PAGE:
The measurement inspection system, after having been calibrated by probing a fixed reference point 30, manipulates stylus 28 to probe the test object exterior or boundary surface at a multiplicity of points in accordance with a programmed mapping plan and thus locate the probed surface points in space on the basis of the same three-axes coordinate system that test object 14 is positioned by support manipulator 12. Thus, probe and manipulator support movements and positionings may be controlled by a common computer numerical controller (CNC), not shown.
To perform an inspection, test object 14 is typically first scanned in a digital radiographic (DR) mode wherein the test object is indexed vertically along the Z axis through X-ray fan beam 20 by manipulator support 12 to generate a succession of radiographs of the object cross section. If, from these radiographs, the operator observes a suspect area of the test object, one or more computer tomography (CT) slices involving the suspect area are selected for ICT inspection. As is well known, ICT inspection involves vertically positioning the test object along the Z axis to align a selected slice plane of the suspect area with the X-ray fan beam and then rotating the test object through an angle of at least 180° plus the X-ray fan beam included angle in a series of equal steps. At each step or projection angle of the CT scan, the attenuation of the X-ray flux by the test object density included in the CT slice is sensed by the individual detectors of array 18 to generate X-ray attenuation data. This data is processed over the complete CT scanning angle in a conventional fashion, such as by filtered backprojection, to reconstruct a CT image of the test object cross section included in the CT slice.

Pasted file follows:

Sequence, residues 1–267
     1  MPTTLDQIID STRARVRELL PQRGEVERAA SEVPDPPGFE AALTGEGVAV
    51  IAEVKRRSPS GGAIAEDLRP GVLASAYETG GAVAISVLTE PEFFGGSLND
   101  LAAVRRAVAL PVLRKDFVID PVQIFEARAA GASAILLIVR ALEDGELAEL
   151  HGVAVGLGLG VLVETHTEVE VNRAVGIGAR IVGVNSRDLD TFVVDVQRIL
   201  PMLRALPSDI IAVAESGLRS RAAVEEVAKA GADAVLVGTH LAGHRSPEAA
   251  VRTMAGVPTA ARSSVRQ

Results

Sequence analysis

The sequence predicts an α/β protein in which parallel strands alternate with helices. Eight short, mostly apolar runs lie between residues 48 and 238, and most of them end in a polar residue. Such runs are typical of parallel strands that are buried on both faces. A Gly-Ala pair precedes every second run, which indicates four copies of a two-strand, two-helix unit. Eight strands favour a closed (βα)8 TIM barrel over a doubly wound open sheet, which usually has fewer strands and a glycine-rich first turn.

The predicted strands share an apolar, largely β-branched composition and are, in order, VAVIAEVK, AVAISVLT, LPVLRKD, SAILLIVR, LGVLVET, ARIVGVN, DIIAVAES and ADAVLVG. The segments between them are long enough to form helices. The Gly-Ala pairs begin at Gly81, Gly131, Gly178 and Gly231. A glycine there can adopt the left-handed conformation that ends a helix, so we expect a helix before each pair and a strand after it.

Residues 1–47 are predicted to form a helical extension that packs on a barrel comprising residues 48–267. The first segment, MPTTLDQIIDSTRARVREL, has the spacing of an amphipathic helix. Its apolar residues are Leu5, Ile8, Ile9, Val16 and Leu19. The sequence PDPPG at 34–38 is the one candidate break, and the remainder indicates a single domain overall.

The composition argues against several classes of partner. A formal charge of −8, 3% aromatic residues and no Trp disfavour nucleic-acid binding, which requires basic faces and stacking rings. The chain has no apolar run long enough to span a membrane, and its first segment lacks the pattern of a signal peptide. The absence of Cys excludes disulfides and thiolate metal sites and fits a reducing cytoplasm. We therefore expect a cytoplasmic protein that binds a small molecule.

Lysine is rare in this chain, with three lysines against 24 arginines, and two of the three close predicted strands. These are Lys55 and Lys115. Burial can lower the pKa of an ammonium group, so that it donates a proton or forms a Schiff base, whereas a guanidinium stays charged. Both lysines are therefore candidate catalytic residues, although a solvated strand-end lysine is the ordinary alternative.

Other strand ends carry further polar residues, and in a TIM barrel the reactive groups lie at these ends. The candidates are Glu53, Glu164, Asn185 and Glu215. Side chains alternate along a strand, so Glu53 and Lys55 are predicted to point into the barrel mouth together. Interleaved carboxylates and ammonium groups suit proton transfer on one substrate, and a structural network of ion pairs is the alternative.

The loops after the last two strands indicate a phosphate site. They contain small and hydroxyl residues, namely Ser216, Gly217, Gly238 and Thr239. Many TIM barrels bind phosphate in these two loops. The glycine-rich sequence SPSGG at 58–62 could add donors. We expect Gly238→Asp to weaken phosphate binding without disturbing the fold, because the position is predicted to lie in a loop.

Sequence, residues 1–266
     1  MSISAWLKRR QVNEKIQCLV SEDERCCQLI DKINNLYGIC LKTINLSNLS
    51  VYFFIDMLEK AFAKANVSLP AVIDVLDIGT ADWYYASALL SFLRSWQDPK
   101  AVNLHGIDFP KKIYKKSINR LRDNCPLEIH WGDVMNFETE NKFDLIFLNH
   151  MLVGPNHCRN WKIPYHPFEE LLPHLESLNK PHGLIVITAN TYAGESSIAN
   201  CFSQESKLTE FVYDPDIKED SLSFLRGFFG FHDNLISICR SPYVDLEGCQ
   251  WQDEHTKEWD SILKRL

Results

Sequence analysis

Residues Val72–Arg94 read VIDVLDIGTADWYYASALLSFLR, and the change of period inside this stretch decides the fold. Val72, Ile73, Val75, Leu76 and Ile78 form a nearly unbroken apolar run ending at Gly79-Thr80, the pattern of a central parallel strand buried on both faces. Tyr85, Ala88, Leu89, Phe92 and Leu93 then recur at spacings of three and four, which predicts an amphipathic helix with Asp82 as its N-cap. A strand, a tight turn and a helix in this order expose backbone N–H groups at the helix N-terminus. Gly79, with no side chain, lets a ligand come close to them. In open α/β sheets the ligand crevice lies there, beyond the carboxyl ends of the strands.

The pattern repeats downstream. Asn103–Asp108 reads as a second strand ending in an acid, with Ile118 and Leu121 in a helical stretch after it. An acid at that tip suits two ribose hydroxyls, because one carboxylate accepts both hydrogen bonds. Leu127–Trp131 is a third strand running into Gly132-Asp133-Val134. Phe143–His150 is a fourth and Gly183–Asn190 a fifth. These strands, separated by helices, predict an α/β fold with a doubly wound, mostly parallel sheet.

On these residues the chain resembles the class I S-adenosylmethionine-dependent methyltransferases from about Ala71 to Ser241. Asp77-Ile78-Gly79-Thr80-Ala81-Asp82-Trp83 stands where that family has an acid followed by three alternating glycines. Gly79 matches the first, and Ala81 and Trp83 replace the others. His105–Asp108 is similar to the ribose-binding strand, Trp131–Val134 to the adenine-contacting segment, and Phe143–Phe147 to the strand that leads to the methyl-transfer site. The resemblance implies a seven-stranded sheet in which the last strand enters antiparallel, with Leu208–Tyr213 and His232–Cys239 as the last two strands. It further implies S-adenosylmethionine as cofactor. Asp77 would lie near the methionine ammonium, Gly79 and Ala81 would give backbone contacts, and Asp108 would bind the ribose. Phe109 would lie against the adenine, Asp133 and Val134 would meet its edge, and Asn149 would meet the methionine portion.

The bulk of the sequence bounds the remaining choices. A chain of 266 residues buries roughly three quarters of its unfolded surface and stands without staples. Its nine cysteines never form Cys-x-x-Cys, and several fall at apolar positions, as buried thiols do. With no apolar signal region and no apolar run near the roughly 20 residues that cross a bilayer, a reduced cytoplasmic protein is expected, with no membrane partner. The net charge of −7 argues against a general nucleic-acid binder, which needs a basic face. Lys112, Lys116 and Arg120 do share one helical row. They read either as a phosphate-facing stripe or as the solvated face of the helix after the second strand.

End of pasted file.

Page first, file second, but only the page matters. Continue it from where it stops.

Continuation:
FIG. 3 shows a typical display 32 on which the slice cross section image, as reconstructed solely from X-ray attenuation data, is displayed. This display is comprised of a matrix of pixels 34. When reconstructing a CT image, the position of the test object in the display field of view at each projection angle of the CT scan is unknown. Thus, the degree of X-ray flux attenuation sensed by each detector element at a particular projection angle must be averaged over those pixels of the display which are effectively aligned between it and the X-ray source. As can be appreciated from FIG. 3, a vast majority of these pixels are beyond the test object cross section envelope, and yet they are proportionally activated from the X-ray attenuation data as though they were involved within the test object cross section envelope. It is only after the X-ray data from all the detectors at all of the projection angles throughout the complete CT scanning angle are processed together that a CT image of the test object slice cross section can be reconstructed with reasonable boundary definition.